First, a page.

Generating PDF files cross-platform with ease

Thursday, December 22, 2016

With the new 1.7 release of the TMS FNC UI Pack we've added a completely new PDF library built from the ground up, that is capable of generating PDF files on all supported frameworks (FMX, VCL, LCL). Via all supported frameworks, you can easily target minimum 5 different operating systems: Windows, macOS, iOS, Android, Linux (&Raspbian),.. To introduce this new PDF library I've written a small tutorial to start generating your own PDF files.

Getting Started

To get started with the PDF library, add the FMX.TMSFNCPDFLib, VCL.TMSFNCPDFLib or LCLTMSFNCPDFLib depending on the chosen framework. The PDF library class is called TTMSFNCPDFLib, and the code is shareable between the three supported frameworks.

Starting a new document

Starting a new document can be file-based, or TMemoryStream-based. To start a new document, call the BeginDocument function. The BeginDocument always needs to be paired with EndDocument, which is responsible for writing the contents to a file or TMemoryStream. When the AFileName parameter in the BeginDocument call is empty, the contents will be written to a TMemoryStream, returned by the EndDocument call. The EndDocument call also has an additional parameter to allow opening the generated PDF file in the default PDF reader application.

procedure TForm1.GeneratePDF(AFileName: string);
var
  p: TTMSFNCPDFLib;
begin
  p := TTMSFNCPDFLib.Create;
  try
    p.BeginDocument(AFileName);
    p.EndDocument;
  finally
    p.Free;
  end;
end;

Adding pages

Adding pages can be done by calling the NewPage function. The NewPage is responsible for starting a new page content stream on which the graphics / text can be written. Each NewPage call will clear the content buffer and allow you to start with new text and graphics. Please note though that all appearance settings such as fill, stroke and font are stored for the entire document, so starting a new page will allow you to continue in the same appearance settings as the previous page.

procedure TForm1.GeneratePDF(AFileName: string);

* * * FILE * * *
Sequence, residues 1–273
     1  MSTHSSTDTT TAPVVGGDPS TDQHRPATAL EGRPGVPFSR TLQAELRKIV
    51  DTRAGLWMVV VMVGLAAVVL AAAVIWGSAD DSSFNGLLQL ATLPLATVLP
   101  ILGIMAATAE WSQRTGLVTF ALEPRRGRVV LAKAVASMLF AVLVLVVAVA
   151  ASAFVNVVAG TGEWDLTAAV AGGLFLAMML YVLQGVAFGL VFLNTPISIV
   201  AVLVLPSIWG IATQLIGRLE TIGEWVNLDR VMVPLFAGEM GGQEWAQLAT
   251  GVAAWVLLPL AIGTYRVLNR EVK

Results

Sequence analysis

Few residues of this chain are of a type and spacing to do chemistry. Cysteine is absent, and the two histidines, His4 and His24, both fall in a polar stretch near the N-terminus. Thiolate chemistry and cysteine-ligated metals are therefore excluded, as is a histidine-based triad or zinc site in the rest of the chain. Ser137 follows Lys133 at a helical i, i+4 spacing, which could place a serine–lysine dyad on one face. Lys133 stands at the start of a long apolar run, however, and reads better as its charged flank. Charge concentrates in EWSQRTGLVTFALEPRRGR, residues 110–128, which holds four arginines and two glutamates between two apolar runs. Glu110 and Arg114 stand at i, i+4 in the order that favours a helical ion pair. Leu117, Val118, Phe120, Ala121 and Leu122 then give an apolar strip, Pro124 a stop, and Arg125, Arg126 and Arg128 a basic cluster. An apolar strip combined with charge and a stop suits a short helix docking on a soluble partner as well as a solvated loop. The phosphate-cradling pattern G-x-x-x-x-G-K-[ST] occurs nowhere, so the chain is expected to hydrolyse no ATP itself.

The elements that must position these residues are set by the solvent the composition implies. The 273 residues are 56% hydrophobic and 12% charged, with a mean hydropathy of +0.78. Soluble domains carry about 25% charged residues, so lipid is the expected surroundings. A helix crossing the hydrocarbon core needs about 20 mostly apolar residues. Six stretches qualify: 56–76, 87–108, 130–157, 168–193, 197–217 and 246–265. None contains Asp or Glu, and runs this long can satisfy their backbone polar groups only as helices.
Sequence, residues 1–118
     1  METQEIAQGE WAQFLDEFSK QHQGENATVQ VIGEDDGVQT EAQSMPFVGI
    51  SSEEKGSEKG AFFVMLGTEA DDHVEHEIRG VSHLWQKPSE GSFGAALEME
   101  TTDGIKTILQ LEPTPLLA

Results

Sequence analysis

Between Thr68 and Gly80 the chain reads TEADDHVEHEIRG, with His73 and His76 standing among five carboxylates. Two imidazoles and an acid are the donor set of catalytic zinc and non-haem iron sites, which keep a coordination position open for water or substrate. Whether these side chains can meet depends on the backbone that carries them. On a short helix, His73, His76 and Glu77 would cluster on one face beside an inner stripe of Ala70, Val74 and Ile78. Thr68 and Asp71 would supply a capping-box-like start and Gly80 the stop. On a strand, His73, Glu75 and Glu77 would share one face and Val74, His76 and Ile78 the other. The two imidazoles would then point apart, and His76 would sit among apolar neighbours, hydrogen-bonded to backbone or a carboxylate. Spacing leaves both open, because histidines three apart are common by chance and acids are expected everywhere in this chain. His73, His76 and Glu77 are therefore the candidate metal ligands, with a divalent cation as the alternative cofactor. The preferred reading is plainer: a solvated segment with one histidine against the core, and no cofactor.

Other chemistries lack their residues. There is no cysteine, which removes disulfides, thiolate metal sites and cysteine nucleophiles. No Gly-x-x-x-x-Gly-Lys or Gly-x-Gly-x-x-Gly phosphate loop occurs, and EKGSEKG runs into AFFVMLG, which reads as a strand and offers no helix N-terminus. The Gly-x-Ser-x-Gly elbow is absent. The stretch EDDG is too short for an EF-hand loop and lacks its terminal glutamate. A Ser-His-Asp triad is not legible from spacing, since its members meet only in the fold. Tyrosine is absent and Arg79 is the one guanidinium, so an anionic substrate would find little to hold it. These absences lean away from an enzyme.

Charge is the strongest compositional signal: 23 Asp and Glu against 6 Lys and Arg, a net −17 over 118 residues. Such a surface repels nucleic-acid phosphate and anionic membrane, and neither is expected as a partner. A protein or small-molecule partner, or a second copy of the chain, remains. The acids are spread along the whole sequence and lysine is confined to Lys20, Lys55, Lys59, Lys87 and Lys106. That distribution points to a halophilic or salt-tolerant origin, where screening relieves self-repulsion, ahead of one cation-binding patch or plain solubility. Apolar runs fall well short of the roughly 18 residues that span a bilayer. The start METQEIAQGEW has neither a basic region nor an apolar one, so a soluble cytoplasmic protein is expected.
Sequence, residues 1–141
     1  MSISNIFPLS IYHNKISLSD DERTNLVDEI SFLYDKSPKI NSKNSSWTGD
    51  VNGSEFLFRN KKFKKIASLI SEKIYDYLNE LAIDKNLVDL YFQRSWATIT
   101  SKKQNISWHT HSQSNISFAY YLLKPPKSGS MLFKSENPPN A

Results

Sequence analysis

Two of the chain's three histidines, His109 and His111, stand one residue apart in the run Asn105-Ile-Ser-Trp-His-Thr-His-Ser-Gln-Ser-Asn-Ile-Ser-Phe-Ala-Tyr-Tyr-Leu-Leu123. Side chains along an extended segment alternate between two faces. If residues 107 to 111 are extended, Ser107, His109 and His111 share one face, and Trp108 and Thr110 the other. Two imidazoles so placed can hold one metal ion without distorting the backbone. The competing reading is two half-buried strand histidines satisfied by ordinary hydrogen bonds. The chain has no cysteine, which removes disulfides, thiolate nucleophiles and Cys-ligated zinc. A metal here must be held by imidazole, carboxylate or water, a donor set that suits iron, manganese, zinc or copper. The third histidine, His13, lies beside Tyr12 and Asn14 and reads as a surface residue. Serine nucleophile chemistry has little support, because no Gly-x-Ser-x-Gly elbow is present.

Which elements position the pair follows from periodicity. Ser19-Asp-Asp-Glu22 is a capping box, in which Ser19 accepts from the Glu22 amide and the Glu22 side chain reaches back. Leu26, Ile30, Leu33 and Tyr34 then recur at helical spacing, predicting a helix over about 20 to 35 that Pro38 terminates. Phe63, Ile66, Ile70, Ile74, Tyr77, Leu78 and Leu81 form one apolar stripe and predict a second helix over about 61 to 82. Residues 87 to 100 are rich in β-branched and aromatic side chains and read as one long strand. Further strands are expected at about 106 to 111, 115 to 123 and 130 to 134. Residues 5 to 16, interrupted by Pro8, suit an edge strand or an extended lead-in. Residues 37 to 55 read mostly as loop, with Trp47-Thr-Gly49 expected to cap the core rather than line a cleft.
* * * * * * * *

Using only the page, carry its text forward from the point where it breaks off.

var
  p: TTMSFNCPDFLib;
begin
  p := TTMSFNCPDFLib.Create;
  try
    p.BeginDocument(AFileName);
    p.NewPage;
    p.EndDocument;
  finally
    p.Free;
  end;
end;

Drawing content on a page

After adding a new page, the page can be filled with content such as HTML formatted text, plain text as well as some basic drawing primitives such as rectangles, circles and lines. To starting drawing content, the pdf library has a Graphics property that provides access to the drawing functionality. The following sample uses the Fill and Stroke properties to generate a PDF with a gradient rectangle and a dotted border.

procedure TForm1.GeneratePDF(AFileName: string);
var
  p: TTMSFNCPDFLib;
begin
  p := TTMSFNCPDFLib.Create;
  try
    p.BeginDocument(AFileName);
    p.NewPage;
    p.Graphics.Stroke.Color := gcRed;
    p.Graphics.Stroke.Width := 3;
    p.Graphics.Stroke.Kind := gskDashDotDot;
    p.Graphics.Fill.Kind := gfkGradient;
    p.Graphics.Fill.Color := gcBlue;
    p.Graphics.Fill.ColorTo := gcOrange;
    p.Graphics.DrawRectangle(RectF(10, 50, 100, 150));
    p.EndDocument(True);
  finally
    p.Free;
  end;
end;

Drawing Text

Drawing text on a PDF page is done via the DrawText function. The DrawText has a set of parameters to allow drawing wordwrapped text in a rectangle, or simply as-is at a specific position. The DrawText function has a set of overloads that also supports column drawing. Each call to DrawText returns a value that can either contain the calculated text rectangle or the amount of left-over characters after an overflow is detected when drawing text in a column. The font that is used when drawing text can be controlled separately via the Font property. With this property, the font name, size, color and style can be set.